AIDS to Reflection

Createspace Independent Pub, 2015 M03 9 - 348 páginas
"[...]manifestations of the one Divine Word, to reconcile reason with revelation, and thus to justify the ways of God to man. The methods by which he accomplishes this, either in regard to the terms in which he enunciates the great doctrines of the Gospel, or the peculiar views of philosophy by which he reconciles them with the subjective grounds of faith in the universal reason of man, need not be stated here. I will merely observe, that the key to his system will be found in the distinctions, which he makes and illustrates between nature and free-will, and between the understanding and reason. It may meet the prejudices of some to remark farther, that in philosophizing on the grounds of our faith he does not profess or aim to solve all mysteries, and to bring all truth within the comprehension of the understanding. A truth may be mysterious, and the[...]".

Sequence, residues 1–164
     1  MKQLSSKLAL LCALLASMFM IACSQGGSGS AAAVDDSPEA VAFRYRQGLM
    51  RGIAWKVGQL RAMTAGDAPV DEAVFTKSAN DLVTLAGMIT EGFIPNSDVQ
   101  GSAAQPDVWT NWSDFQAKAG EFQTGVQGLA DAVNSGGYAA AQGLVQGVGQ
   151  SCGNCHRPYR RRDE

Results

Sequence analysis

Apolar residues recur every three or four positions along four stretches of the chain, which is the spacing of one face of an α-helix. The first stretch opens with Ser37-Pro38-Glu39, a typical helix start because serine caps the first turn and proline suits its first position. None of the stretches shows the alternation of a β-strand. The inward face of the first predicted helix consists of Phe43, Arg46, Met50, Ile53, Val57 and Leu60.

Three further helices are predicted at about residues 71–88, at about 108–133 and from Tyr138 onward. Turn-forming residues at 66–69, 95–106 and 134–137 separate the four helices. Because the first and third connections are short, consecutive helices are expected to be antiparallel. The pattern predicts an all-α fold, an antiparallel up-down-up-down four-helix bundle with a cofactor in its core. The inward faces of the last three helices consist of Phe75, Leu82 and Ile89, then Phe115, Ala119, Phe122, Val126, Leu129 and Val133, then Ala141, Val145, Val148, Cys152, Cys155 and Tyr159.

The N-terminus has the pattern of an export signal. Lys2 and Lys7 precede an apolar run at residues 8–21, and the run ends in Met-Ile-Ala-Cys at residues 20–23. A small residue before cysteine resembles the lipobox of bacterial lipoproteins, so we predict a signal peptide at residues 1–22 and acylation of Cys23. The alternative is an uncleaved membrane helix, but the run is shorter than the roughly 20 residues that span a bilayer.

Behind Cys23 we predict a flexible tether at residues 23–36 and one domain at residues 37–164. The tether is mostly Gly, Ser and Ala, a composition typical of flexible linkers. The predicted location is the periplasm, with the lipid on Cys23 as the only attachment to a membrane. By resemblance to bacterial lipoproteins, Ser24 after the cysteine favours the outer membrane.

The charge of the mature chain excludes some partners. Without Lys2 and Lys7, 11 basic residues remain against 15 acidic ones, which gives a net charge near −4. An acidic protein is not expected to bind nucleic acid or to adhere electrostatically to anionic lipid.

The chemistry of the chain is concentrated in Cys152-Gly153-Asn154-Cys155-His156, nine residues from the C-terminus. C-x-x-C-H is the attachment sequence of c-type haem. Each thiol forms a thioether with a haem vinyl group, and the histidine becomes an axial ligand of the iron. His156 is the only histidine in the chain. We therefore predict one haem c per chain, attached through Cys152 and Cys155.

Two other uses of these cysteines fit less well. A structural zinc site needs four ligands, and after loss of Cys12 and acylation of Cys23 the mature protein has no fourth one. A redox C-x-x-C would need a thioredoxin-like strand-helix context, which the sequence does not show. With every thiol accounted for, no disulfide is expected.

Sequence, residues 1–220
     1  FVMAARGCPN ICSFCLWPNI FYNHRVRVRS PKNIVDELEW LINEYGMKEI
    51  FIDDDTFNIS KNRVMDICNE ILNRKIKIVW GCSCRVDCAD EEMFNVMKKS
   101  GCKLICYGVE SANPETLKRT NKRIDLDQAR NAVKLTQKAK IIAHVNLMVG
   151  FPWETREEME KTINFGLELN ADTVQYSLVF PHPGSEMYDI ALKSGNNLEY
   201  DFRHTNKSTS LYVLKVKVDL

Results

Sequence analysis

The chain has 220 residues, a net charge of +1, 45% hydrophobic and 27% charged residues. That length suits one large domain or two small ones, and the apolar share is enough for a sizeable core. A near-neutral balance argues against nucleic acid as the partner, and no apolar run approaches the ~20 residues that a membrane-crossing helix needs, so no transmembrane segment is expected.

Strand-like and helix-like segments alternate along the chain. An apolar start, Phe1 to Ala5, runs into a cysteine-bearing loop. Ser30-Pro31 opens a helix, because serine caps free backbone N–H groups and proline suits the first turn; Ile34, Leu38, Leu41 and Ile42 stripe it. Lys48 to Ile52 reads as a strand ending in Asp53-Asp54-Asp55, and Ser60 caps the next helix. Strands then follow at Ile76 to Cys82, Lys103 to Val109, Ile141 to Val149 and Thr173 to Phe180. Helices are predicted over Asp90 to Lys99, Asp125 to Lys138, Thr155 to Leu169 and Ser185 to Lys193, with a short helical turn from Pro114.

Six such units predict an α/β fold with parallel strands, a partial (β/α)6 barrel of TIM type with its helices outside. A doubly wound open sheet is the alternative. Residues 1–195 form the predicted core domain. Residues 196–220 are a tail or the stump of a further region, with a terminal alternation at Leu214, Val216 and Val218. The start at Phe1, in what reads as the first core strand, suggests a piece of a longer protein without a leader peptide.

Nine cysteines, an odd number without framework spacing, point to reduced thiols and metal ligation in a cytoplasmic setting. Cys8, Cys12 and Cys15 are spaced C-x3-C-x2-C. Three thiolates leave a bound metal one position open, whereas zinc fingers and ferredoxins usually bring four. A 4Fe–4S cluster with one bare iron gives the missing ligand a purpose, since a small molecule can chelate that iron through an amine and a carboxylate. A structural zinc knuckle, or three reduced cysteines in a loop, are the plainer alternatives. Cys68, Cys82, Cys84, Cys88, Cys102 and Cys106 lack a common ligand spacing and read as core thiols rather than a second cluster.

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Born in Ottery St. Mary, England, in 1772, Samuel Taylor Coleridge studied revolutionary ideas at Cambridge before leaving to enlist in the Dragoons. After his plans to start a communist society in the United States with his friend Robert Southey, later named poet laureate of England, were botched, Coleridge instead turned his attention to teaching and journalism in Bristol. Coleridge married Southey's sister-in-law Sara Fricker, and they moved to Nether Stowey, where they became close friends with William and Dorothy Wordsworth. From this friendship a new poetry emerged, one that focused on Neoclassic artificiality. In later years, their relationship became strained, partly due to Coleridge's moral collapse brought on by opium use, but more importantly because of his rejection of Wordworth's animistic views of nature. In 1809, Coleridge began a weekly paper, The Friend, and settled in London, writing and lecturing. In 1816, he published Kubla Kahn. Coleridge reported that he composed this brief fragment, considered by many to be one of the best poems ever written lyrically and metrically, while under the influence of opium, and that he mentally lost the remainder of the poem when he roused himself to answer an ill-timed knock at his door. Coleridge's The Rime of the Ancient Mariner, Christabel, and his sonnet Ozymandias are all respected as inventive and widely influential Romantic pieces. Coleridge's prose works, especially Biographia Literaria, were also broadly read in his day. Coleridge died in 1834.

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